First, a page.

Beer recipes are everywhere. Every jackass on the internet posts recipes, it seems like. Step one is sorting the wheat from the chaff, so to speak, and we all have our own tricks and tolerances there. Let's assume, though, that you've found a reputable recipe: it's still going to need to be adjusted to fit your system and process. What's the best approach for doing so?
The Procrustean Method
Procrustes is a character from Greek mythology, who had a bit of a sadistic streak. He lived along the road to Athens, and he'd invite travelers along the road to spend the night at his place. Once there, though, you had to sleep in his special iron bed. If you were too short, he'd stretch you to fit; too tall, and, well, you can probably guess.
Lots of people seem to take this approach to their "sourced" recipes. They adjust every recipe the same way, fitting it to their own Procrustean Brewery. That's not necessarily a bad thing, and it'd be out of character for me to argue against a systematic approach to something, but I'm still (kind of) going to do it.
First, the good: it's a smart idea to make identical adjustments to correct for idiosyncratic problems that are reliably caused by your equipment, or process, or ingredient supplies. If you know you have hard water, or low efficiency, or you bag your hops, then sure, make those Procrustean adjustments.
However, don't become a slave to those adjustments at the expense of looking at the what and why of that recipe you're adopting and adapting. Most of the recipes you'll want to take on will probably be for beers with unique or distinctive characteristics, and if you fixate too much on the mechanics there's a risk that you cut corners elsewhere and/or don't fully commit to the recipe. Which brings us to...
The Lebowskian Method
The Dude is a character from the Coen Brothers mythology. He lived in an apartment, and one night some visitors rough him up and defile a rug that really tied the room together, man. Hijinks ensue.
Lebowski (the Dude) is, arguably, a drunk, stoned moron. But he teaches us an important lesson: keep an eye out for the things in the recipe that really make it what it is. Which of those ingredients, elements, or steps really "tie the beer together?" Maybe it's a specific grain (Fawcett 45L British Crystal) or a process (decoction). If you're adjusting a recipe to your brewery, you might end up wasting your time if you substitute in your normal American Crystal 40, or reduce the amount of chocolate malt you use "because your roasty beers are always astringent so you always cut the recommended chocolate malts by half," or decide to just do your typical infusion mash - and no amount of your Procrustean tinkering is going to fill the hole that's left in your beer.
Give Both Their Due
Good recipe adjustment requires a bit of both. I write a lot of recipes for brewing publications, and I'll share a not-a-secret secret: when I share my recipe, that's not my exact recipe. We use standardizing spreadsheets to ensure that each recipe has a common point of reference on efficiency, water-to-grist ratio, hop utilization, etc. so that you can hammer away (like Procrustes) and make it fit your system. As a result, what you read is usually already different than what I actually do when I brew the beer. We expect that you can and will make changes to weights, volumes, times, and more. Procrustes should get to have a hand in your beer (so to speak).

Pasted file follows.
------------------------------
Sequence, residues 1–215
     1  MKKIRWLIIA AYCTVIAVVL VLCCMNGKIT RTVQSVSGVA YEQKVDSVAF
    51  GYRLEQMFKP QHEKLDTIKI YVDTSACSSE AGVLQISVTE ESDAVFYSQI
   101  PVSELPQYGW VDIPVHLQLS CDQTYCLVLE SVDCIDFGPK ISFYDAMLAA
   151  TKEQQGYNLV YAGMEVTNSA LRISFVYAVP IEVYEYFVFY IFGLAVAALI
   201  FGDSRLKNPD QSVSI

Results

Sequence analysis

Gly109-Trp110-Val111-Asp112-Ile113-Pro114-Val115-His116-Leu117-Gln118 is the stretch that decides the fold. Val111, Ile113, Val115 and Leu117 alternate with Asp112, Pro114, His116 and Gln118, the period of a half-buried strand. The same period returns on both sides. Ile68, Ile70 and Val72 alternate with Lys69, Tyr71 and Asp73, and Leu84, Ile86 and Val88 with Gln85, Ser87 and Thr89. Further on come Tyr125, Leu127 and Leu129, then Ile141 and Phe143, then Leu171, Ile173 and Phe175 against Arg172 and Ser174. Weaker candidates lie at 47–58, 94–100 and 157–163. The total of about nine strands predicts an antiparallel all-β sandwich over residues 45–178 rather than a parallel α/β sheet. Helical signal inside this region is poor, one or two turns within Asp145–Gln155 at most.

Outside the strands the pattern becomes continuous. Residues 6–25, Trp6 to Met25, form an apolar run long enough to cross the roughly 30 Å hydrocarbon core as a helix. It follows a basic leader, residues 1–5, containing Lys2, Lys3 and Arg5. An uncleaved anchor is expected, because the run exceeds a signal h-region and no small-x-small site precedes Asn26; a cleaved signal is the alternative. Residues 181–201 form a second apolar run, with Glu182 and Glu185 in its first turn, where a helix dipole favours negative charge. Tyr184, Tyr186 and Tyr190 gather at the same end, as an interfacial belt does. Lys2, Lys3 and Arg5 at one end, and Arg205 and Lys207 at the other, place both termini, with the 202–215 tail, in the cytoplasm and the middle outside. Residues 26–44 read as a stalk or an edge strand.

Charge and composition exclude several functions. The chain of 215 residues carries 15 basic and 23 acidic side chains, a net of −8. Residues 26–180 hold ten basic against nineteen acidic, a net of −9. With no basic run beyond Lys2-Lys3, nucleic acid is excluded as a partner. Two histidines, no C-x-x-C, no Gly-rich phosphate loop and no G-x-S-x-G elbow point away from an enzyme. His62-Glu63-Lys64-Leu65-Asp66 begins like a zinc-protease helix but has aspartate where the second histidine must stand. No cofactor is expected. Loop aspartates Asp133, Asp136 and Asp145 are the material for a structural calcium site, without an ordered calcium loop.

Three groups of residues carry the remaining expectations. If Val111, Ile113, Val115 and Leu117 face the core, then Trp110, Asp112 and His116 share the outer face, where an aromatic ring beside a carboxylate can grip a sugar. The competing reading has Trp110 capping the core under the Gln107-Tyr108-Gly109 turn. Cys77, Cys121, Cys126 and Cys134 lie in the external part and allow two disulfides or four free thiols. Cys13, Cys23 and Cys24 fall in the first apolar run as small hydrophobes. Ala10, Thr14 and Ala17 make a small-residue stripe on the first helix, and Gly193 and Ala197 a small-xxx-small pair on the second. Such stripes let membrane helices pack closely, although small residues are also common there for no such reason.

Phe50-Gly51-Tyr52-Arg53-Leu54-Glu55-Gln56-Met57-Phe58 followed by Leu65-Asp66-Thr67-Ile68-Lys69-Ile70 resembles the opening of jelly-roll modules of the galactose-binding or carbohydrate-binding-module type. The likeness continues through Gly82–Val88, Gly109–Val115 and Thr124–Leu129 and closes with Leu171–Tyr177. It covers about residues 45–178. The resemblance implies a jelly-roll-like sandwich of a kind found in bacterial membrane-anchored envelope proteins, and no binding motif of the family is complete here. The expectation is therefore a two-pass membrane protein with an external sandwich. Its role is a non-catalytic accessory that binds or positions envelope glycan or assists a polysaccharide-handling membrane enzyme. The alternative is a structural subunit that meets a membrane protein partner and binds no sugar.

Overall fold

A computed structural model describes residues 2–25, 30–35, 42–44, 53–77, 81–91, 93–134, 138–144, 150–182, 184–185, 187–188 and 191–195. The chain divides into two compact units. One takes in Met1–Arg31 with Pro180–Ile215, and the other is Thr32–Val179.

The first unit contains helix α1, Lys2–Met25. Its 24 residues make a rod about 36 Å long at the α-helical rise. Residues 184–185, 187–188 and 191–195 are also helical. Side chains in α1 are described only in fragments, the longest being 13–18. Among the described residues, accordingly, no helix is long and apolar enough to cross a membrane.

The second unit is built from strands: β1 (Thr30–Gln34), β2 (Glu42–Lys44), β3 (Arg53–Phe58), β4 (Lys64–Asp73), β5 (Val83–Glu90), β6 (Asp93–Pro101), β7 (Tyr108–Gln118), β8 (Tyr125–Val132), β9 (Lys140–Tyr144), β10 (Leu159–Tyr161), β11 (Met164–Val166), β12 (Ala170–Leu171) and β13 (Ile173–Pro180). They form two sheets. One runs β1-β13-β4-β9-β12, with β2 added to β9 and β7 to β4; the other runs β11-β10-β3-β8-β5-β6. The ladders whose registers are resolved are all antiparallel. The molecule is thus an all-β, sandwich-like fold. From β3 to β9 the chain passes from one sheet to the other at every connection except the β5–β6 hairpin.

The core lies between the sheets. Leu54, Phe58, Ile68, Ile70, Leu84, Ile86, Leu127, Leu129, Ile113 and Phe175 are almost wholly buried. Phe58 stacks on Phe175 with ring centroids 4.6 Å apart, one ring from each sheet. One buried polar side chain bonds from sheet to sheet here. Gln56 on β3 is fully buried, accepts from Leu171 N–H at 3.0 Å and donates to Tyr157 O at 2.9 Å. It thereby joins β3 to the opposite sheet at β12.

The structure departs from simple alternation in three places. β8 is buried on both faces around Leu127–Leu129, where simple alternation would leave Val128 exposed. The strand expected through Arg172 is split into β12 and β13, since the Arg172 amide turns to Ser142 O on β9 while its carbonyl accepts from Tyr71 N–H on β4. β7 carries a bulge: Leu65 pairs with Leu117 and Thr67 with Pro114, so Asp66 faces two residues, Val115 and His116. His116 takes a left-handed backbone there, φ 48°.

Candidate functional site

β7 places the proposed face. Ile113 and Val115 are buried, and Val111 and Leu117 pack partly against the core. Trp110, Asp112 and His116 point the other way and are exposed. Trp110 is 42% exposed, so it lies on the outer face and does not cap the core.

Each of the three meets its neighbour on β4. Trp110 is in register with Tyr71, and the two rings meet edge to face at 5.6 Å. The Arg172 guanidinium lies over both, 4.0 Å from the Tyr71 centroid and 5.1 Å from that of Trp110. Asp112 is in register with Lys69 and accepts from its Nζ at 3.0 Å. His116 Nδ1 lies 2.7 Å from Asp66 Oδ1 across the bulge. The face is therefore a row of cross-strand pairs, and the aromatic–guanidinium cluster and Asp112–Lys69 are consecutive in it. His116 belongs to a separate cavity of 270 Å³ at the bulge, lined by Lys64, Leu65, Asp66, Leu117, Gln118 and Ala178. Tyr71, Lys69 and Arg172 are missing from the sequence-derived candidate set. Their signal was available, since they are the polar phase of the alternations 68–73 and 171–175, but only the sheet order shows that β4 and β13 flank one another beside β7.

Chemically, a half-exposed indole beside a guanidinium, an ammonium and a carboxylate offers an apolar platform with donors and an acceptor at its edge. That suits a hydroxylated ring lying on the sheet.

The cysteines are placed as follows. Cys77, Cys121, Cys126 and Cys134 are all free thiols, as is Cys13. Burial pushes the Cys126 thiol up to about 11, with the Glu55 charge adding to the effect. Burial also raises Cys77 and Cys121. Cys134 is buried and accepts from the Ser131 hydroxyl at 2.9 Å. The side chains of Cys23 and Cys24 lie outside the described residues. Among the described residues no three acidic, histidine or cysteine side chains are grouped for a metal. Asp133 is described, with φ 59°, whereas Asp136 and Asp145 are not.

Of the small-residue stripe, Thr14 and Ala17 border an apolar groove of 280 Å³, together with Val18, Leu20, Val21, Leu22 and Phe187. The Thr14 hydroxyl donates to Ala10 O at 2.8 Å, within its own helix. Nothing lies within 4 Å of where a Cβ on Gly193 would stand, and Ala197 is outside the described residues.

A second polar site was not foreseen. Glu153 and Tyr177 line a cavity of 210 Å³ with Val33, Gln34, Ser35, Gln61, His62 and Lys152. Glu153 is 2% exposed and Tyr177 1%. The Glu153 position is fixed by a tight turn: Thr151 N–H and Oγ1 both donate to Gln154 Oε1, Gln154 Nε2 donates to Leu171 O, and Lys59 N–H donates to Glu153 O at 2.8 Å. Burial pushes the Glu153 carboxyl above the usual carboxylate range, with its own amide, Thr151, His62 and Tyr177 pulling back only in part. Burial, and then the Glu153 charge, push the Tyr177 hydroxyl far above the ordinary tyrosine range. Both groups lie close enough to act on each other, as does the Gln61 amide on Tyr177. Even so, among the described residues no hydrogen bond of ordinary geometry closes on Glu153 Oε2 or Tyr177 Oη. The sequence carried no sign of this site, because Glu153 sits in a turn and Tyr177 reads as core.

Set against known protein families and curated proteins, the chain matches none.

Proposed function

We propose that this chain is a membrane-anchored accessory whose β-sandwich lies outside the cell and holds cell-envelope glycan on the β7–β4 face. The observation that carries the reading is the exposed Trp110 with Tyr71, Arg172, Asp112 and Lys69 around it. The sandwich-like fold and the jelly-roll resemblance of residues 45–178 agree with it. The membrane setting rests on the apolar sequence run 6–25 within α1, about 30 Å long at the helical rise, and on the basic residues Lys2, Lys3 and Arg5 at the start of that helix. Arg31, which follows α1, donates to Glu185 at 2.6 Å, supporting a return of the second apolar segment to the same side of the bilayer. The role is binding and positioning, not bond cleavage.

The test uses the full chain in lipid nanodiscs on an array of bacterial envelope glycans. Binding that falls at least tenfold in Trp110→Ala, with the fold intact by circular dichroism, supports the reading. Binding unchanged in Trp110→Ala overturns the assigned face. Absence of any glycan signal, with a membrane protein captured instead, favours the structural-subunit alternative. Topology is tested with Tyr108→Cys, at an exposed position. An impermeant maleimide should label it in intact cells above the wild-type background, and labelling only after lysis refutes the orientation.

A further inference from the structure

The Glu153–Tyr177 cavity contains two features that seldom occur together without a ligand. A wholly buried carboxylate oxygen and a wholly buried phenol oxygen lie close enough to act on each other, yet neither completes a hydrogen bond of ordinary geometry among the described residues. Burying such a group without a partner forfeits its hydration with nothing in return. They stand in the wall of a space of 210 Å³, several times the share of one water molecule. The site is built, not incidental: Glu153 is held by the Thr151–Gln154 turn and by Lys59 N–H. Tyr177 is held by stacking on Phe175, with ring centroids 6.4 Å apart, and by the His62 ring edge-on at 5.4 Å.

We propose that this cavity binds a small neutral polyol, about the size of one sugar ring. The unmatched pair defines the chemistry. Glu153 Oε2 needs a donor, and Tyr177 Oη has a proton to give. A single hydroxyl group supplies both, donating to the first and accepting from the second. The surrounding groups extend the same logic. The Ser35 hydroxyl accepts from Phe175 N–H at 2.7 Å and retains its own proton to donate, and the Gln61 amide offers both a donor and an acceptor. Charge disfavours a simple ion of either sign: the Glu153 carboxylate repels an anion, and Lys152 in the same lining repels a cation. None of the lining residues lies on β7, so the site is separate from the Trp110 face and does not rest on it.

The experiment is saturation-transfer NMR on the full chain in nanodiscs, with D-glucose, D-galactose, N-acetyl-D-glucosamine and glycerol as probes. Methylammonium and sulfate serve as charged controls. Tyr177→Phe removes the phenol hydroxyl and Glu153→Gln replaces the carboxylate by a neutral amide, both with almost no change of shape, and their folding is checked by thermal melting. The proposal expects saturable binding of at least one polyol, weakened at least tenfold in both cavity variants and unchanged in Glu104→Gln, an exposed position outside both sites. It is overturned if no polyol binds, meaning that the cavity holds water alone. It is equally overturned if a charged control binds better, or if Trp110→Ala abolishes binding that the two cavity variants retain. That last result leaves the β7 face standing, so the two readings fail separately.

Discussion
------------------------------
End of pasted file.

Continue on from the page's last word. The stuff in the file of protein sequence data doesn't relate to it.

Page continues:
What I do spend a fair amount of time advocating for, though, is for some specific ingredients of steps that make it much more likely that you'll get the "special" part of the recipe right. Even if your IBUs are off, or the water chemistry isn't quite on target, or you miss my OG by a few points, it'll matter a lot less than if you sub in that "house" malt or yeast of yours for one that the recipe calls for, or ferment it at 65F instead of 52F. Keep an eye out for what ties the beer together, and commit to matching that part of it. The Dude Imbibes.
A Simple Approach
When I get a recipe I want to adapt, I take a pretty simple approach. Each will be a little different, of course, but this might work for you as a rule of thumb.
1. Adjust for efficiency differences, but only with the base grains, to hit about the right OG.
2. Leave the weights of the specialty grains alone (unless you're doing a wholesale scale adjustment, like from 10 to 5 gallons).
3. Use exactly the ingredients listed for the grist, and any hops added within 30 minutes of the boil (early hops may add a very slight detectable flavor, but mostly just add IBUs, so substitutions probably won't hurt you).
4. Use the recommended yeast unless you can't get it fresh, and even then, pick the nearest substitute (so, London Ale for London Ale III is fine, if the LAIII is two weeks old and the other is two months old).
As for process changes, go with your gut and let parsimony and commitment be your guide. Extended boil? Sure - no reason not to. Water adjustment? Maybe not - you might do more harm than good. The deciding factor should be whether you have good reason to believe that the recommendation is a key feature of the beer's flavor profile, and if you decide against doing it you should also mentally commit to trying the same recipe again with the change in the event what you get without it just doesn't work.
So take it seriously - but also don't lose the forest for the trees.
Keep it simple.